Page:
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The story below was taken
from The New Brunswick Reader March 21, 1998
A Saint John woman's account of
how she survived the sinking of the Empress of Ireland - Canada's greatest
The Empress of Ireland had its own cricket
pitch, five sumptuous decks and a Rudolph Valentino-like decor. "She was indeed
an Edwardian dowager empress," wrote Frank Rasky in his book Great Canadian
"Sedate in white
and grey, steel-corseted with her 10 watertight compartments, she imparted an
air of truly impregnable safey. Her unsinkability was serenely taken for
granted by her passengers."
It was May
29, 1914. The Canadian Pacific liner took on its passengers at Quebec City. The
floating palace with 1,477 souls on board never got out of the Gulf of St.
Lawrence. It was struck amidships by the Norwegian freighter Storstad and sank
and fourteen passengers and crew perished.
passengers were 1 50 Salvation Army delegates to a convention in England. The
ship also carried a million-dollar cargo of silver bars.
(The picture above is of
Nurse Harriet Hollies with her son Henry in 1918.)
Hollies was a nurse and a stewardess on the Empress of Ireland. She was the
only stewardess to survive the disaster. A native of England, she later settled
in Saint John.
McQuinn interviewed her for an Evening Times-Globe article in November,
1961. Harriet Hollies was 87 years old at the time and living at the Turnbull
home for seniors in Saint John.
"It was like
this. The ship sailed from Quebec and there were many Salvation Army bands from
the West going over to England for a convention. And as we sailed away from
Quebec, the bands on our ship played Home Sweet Home. The band on the
pier played God Be With You Till We Meet Again.
everything was closed down and everyone was in bed (except the officers and
night people, you know) my roommate and I went to bed, too. And all at once, we
heard the sirens going and whistles blowing and she said to me, 'Something's
happened.' And we jumped out of bed, very lightly clad you see - no shoes,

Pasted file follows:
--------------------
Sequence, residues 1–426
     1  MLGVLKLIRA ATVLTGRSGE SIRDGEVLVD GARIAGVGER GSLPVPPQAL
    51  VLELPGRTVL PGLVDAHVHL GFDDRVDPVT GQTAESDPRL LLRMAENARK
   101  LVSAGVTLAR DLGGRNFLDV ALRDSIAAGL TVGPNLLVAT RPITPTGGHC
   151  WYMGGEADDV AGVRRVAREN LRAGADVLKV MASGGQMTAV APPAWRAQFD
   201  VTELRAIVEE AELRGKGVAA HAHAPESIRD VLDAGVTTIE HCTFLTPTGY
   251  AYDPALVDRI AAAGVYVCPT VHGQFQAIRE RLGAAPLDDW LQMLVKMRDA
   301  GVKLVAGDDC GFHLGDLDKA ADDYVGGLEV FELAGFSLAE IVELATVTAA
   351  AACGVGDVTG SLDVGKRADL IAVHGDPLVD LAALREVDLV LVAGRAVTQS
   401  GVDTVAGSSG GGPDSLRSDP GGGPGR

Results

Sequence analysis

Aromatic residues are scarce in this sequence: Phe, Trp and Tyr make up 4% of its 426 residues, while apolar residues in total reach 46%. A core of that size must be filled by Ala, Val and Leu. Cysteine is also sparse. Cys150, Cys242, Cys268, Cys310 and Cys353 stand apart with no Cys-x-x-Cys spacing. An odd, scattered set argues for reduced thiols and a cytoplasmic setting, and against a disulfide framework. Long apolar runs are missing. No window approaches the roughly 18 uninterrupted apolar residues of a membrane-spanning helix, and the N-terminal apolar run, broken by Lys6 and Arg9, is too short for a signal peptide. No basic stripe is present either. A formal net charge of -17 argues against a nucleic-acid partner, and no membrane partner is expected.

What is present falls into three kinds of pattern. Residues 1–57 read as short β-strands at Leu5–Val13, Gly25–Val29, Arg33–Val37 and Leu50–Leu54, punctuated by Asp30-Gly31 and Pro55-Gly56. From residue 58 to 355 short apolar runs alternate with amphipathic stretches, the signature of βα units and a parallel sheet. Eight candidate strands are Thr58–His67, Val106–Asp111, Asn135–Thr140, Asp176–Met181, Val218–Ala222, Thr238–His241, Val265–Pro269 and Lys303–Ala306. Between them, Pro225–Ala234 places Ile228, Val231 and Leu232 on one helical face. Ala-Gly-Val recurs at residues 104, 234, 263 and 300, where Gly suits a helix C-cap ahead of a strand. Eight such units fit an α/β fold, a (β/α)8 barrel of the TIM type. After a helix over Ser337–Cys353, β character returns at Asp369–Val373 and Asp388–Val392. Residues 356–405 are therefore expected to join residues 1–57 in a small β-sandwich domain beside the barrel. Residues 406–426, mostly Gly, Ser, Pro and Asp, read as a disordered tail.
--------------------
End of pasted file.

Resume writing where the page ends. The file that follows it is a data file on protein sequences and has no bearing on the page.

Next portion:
stockings, only just some very light things - and we went right up to the top
"And when we
got there, the deck was slanting and the other ship, the Storstadt, had rammed
her right amidships. And then, instead of staying in, she drew out and let all
the water into our ship. By the time we got to the deck, there was no light -
"We were on
the deck and then we were not on the deck. We were on the side of the ship. All
in only a few minutes. From the time she was struck until she went down would
be only about 10 minutes, I believe. There was no chance to launch a
people were in the water - and the ship took a plunge and down she went. I went
with her and lots of others. Before going down, there was panic, because it was
too quick. The only thing I heard was someone saying, 'God help me! God help
"Always I had
been told - 'If you are ever in deep water and go down keep your arms close to
your sides and your feet close together and your head back, and you will come
"And when I
did come up, there wasn't a sound. I couldn't see anyone - nothing but wreckage
- and I clung to something - a chair or half a lifeboat - I can't remember
"I was alone
all night. And when daylight came, the tide, the wreckage and dead bodies all
floated together. And then you could see strangers coming to rescue. "I yelled
when I saw them coming, and then I became unconscious. I was in the hospital
for days and I did not know my own name and no one knew who I was and my
relatives in England did not know I was alive until one of the officers came
along and said, 'My! My! Here is one of our ladies!'
10 stewardesses in the crew. I never saw my roommate again - I was the only one
Hollies was a widow. She had lost her husband some years before this and her
two little girls and son Henry lived in England. Later, they were to come to
Saint John to live.
month of the St. Lawrence disaster, Nurse Hollies was back at sea again,
serving on the Empress of Britain. She continued to cross the Atlantic
throughout the First World War, despite the regular sighting of German
submarines in those waters.
But she never
forgot. She says that for years she would wake up in the middle of the night,
startled at the least noise. She would go to investigate and some of the crew
would say: "The boat isn't sinking. Goback to bed."
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